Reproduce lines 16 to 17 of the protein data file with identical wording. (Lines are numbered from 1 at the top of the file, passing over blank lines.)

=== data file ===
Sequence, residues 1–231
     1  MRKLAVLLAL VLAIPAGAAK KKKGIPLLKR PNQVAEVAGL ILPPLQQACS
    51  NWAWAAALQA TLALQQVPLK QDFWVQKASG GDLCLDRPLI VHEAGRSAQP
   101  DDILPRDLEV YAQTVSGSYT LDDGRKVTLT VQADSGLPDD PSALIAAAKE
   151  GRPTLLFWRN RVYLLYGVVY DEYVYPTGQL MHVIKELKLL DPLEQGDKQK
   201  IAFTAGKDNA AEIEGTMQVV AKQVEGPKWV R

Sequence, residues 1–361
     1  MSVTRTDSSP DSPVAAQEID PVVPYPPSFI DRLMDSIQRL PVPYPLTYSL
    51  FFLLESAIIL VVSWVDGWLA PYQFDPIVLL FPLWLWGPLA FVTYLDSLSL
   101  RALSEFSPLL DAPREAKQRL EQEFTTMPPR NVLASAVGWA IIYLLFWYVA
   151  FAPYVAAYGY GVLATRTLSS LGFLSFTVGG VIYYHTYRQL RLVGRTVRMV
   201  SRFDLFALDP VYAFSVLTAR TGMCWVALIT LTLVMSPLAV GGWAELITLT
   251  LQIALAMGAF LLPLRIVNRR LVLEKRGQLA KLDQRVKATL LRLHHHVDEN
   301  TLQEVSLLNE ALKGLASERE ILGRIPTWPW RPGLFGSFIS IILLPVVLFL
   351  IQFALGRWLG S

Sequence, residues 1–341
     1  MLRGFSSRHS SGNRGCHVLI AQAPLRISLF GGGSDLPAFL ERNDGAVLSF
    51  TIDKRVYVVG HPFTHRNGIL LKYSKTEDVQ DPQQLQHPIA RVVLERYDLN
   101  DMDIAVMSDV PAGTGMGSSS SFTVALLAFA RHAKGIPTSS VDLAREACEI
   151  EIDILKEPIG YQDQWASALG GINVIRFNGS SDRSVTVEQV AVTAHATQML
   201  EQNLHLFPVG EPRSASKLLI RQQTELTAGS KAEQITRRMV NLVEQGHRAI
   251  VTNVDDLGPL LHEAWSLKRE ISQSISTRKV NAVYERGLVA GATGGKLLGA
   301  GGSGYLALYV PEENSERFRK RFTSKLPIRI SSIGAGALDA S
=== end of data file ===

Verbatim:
Sequence, residues 1–341
     1  MLRGFSSRHS SGNRGCHVLI AQAPLRISLF GGGSDLPAFL ERNDGAVLSF